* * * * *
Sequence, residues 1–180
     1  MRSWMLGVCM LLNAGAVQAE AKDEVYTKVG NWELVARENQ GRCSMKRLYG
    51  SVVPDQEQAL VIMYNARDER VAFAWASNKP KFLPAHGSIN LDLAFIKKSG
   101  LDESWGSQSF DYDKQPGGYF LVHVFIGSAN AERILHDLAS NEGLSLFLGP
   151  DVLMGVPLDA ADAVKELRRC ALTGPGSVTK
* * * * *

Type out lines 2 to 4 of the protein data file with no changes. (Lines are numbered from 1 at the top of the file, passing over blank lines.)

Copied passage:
     1  MRSWMLGVCM LLNAGAVQAE AKDEVYTKVG NWELVARENQ GRCSMKRLYG
    51  SVVPDQEQAL VIMYNARDER VAFAWASNKP KFLPAHGSIN LDLAFIKKSG
   101  LDESWGSQSF DYDKQPGGYF LVHVFIGSAN AERILHDLAS NEGLSLFLGP